Odds Ratios


Odds Ratios

Binomial $(n, p)$ probabilities involve powers and factorials, both of which get difficult to calculate when $n$ is large. One way to simplify the computation of the whole distribution also helps us understand the shape of binomial histograms.

Consecutive Odds Ratios

Fix $n$ and $p$, and let $P(k)$ be the binomial $(n, p)$ probability of $k$. That is, let $P(k)$ be the chance of getting $k$ successes in $n$ independent trials with probability $p$ of success on each trial.

For $k \ge 1$, define the $k$th consecutive odds ratio $$ R(k) = \frac{P(k)}{P(k-1)} $$

To see how this helps us calculate each $P(k)$ without having to calculate factorials and powers each time, notice that

\begin{align*} P(0) &= (1-p)^n \\ \\ P(1) &= P(0) \cdot \frac{P(1)}{P(0)} = P(0)R(1) \\ P(2) &= P(0)R(1)R(2) \end{align*}

and so on.

How is this more illuminating than plugging into the binomial formula? To see this, fix $k \ge 1$ and calculate the ratio $R(k)$.

\begin{align*} R(k) &= \frac{\binom{n}{k}p^k(1-p)^{n-k}} {\binom{n}{k-1}p^{k-1}(1-p)^{n-k+1}} \\ \\ &= \frac{n-k+1}{k} \cdot \frac{p}{1-p} ~~~ \text{(after cancellation)} \\ \\ &= \big{(} \frac{n+1}{k} - 1 \big{)} \cdot \frac{p}{1-p} \end{align*}

First, notice that the formulas for $R(k)$ are simple. For example, if $n \ge 3$, it is easy to calculate $P(3)$ as

$$ P(3) = (1-p)^n \cdot \frac{n - 1 + 1}{1} \cdot \frac{p}{1-p} \cdot \frac{n - 2 + 1}{2} \cdot \frac{p}{1-p} \cdot \frac{n - 3 + 1}{3} \cdot \frac{p}{1-p} \cdot $$

No factorials involved.

Shapes of Binomial Histograms

Now observe that comparing $R(k)$ to 1 tells us whether the histogram is going up, staying level, or going down at $k$.

\begin{align*} R(k) > 1 &\iff P(k) > P(k-1) \\ R(k) = 1 &\iff P(k) = P(k-1) \\ R(k) < 1 &\iff P(k) < P(k-1) \end{align*}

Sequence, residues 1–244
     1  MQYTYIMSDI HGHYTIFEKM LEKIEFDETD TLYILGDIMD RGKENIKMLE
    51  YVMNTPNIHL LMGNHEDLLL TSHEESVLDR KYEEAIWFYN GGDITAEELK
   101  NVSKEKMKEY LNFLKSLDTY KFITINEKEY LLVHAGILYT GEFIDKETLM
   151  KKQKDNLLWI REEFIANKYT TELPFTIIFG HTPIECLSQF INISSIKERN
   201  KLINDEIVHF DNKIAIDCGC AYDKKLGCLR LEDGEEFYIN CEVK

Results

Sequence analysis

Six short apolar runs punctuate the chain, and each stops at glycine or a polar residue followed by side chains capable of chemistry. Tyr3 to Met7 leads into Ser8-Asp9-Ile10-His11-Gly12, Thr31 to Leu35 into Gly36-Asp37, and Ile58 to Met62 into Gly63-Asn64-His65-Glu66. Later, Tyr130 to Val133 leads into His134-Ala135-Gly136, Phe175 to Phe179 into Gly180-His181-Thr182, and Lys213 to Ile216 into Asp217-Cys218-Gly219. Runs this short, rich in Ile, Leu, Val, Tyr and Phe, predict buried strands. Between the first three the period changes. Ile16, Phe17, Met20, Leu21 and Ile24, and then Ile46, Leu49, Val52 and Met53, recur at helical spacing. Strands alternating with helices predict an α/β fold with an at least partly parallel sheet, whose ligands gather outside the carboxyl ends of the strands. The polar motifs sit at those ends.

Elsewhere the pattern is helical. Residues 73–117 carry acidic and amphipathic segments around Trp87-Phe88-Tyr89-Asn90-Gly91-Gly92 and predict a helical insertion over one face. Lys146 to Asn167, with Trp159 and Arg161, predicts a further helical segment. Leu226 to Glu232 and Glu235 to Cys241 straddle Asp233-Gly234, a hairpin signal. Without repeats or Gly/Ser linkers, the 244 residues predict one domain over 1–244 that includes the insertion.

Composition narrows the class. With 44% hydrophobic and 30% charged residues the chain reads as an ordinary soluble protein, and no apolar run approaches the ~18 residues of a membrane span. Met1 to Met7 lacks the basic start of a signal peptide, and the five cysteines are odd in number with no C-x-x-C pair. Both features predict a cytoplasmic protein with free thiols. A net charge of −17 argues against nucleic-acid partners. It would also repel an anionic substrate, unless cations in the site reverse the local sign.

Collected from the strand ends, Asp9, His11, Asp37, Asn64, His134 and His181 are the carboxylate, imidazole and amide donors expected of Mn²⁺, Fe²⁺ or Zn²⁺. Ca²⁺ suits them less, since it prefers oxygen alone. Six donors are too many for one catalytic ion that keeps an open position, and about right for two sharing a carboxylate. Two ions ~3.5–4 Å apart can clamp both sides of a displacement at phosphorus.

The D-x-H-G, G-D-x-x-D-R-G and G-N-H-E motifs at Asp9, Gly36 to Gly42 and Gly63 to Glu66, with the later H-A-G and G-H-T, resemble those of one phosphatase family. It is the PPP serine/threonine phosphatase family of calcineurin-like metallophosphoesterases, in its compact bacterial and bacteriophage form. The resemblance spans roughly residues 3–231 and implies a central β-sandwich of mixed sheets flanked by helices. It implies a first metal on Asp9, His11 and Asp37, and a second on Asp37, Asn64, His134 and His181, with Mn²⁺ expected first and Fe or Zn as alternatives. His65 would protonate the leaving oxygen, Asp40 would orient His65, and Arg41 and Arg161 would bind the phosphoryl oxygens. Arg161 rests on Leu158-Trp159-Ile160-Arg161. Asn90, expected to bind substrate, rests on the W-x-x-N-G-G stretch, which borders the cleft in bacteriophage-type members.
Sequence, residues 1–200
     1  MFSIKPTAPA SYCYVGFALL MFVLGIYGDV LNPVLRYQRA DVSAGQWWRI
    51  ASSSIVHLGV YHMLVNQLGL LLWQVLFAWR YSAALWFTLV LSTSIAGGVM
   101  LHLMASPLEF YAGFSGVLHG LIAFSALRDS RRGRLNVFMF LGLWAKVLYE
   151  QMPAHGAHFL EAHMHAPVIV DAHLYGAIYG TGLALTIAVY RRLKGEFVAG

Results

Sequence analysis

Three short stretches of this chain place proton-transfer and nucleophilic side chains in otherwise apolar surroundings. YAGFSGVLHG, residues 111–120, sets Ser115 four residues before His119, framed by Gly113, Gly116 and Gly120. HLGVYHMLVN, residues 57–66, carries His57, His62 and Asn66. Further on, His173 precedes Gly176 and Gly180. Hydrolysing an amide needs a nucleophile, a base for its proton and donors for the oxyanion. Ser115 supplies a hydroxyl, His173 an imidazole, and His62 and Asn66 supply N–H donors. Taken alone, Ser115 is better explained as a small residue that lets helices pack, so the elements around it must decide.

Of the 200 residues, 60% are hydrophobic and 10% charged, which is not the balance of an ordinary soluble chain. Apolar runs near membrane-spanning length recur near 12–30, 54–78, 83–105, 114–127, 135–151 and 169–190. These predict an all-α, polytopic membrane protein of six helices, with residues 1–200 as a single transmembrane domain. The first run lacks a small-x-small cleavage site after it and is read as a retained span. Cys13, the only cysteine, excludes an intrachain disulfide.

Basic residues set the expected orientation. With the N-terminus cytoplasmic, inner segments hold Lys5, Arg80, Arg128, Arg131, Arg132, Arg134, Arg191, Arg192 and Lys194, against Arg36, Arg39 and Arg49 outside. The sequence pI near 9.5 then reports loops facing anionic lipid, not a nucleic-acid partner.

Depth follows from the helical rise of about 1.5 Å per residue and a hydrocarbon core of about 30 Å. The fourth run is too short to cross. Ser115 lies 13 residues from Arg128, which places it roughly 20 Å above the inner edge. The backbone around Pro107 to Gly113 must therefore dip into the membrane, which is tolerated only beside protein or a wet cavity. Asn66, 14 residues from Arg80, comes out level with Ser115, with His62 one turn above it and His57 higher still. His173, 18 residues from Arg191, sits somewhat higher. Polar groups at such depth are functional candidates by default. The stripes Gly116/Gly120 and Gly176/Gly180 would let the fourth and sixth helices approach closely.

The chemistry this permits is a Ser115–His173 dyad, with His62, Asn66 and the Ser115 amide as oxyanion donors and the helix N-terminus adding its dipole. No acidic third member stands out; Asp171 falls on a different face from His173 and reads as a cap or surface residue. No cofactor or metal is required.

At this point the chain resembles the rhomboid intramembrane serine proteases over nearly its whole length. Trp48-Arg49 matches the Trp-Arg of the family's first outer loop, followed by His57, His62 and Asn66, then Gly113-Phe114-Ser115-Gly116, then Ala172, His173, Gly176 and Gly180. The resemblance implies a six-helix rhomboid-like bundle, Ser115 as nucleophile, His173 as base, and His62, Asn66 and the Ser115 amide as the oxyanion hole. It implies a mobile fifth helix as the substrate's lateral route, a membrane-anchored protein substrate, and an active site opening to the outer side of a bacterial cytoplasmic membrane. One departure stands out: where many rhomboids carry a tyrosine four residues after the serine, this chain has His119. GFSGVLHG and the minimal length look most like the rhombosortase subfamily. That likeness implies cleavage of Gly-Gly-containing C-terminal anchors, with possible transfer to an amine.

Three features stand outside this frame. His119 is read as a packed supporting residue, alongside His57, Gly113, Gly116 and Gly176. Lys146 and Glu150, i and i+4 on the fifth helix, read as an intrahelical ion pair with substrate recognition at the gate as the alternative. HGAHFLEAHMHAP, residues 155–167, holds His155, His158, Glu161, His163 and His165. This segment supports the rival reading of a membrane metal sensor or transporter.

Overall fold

Note also that the form $$ R(k) = \big{(} \frac{n+1}{k} - 1 \big{)} \cdot \frac{p}{1-p} $$ tells us the the ratios are a decreasing function of $k$. In the formula, $n$ and $p$ are the parameters of the distribution and hence constant. It is $k$ that varies, and $k$ appears in the denominator.

This implies that once $R(k) < 1$ for some $k$, it will remain less than 1 for all larger $k$. In other words, once the histogram starts going down, it will keep going down. It cannot come back up again.

That is why binomial histograms are either non-increasing or non-decreasing, or they go up and come down. But they can't look like waves on the seashore. They can't go up, come down, and go up again.

Let's visualize this for a $n = 23$ and $p = 0.7$, two parameters that have no significance other than being our choice to use in this example.

n = 23
p = 0.7
k = range(n+1)
bin_23_7 = stats.binom.pmf(k, n, p)
bin_dist = Table().values(k).probability(bin_23_7)
# It is important to define k as an array here,
# so you can do array operations
# to find all the ratios at once.
k = np.arange(1, n+1, 1)
((n - k + 1)/k)*(p/(1-p))
array([ 53.66666667,  25.66666667,  16.33333333,  11.66666667,
         8.86666667,   7.        ,   5.66666667,   4.66666667,
         3.88888889,   3.26666667,   2.75757576,   2.33333333,
         1.97435897,   1.66666667,   1.4       ,   1.16666667,
         0.96078431,   0.77777778,   0.61403509,   0.46666667,
         0.33333333,   0.21212121,   0.10144928])

What Python is helpfully telling us is that the invisible bar at 1 is 53.666... times larger than the even more invisible bar at 0. The ratios decrease after that but they are still bigger than 1 through $k = 16$. So the histogram rises till it reaches its peak at $k = 16$; you can see that $R(16) = 1.1666 > 1$. Then the ratios drop below one, so the histogram starts going down.

If you are intrepid, you can solve an inequality the largest $k$ for which $R(k) \ge 1$ is the integer part of $(n+1)p$. In our example, this is $k = 16$ because


You can also check that if $(n+1)p$ is an integer, then the bars $k = (n+1)p$ and $k-1$ are equally large and both are the largest among all bars.

But in fact, $np$ is a more natural quantity to calculate. For example, if you are counting the number of heads in 100 tosses of a coin, then the distribution if binomial $(100, 1/2)$ and you naturally expect $np = 50$ heads. You don't want to be worrying about $101 \times (1/2)$.

You don't have to worry when $n$ is large, because then $np$ and $(n+1)p$ are pretty close. In the next section we will examine a case where you can use $np$ in an approximation to the shape of the binomial distribution when $n$ is large.


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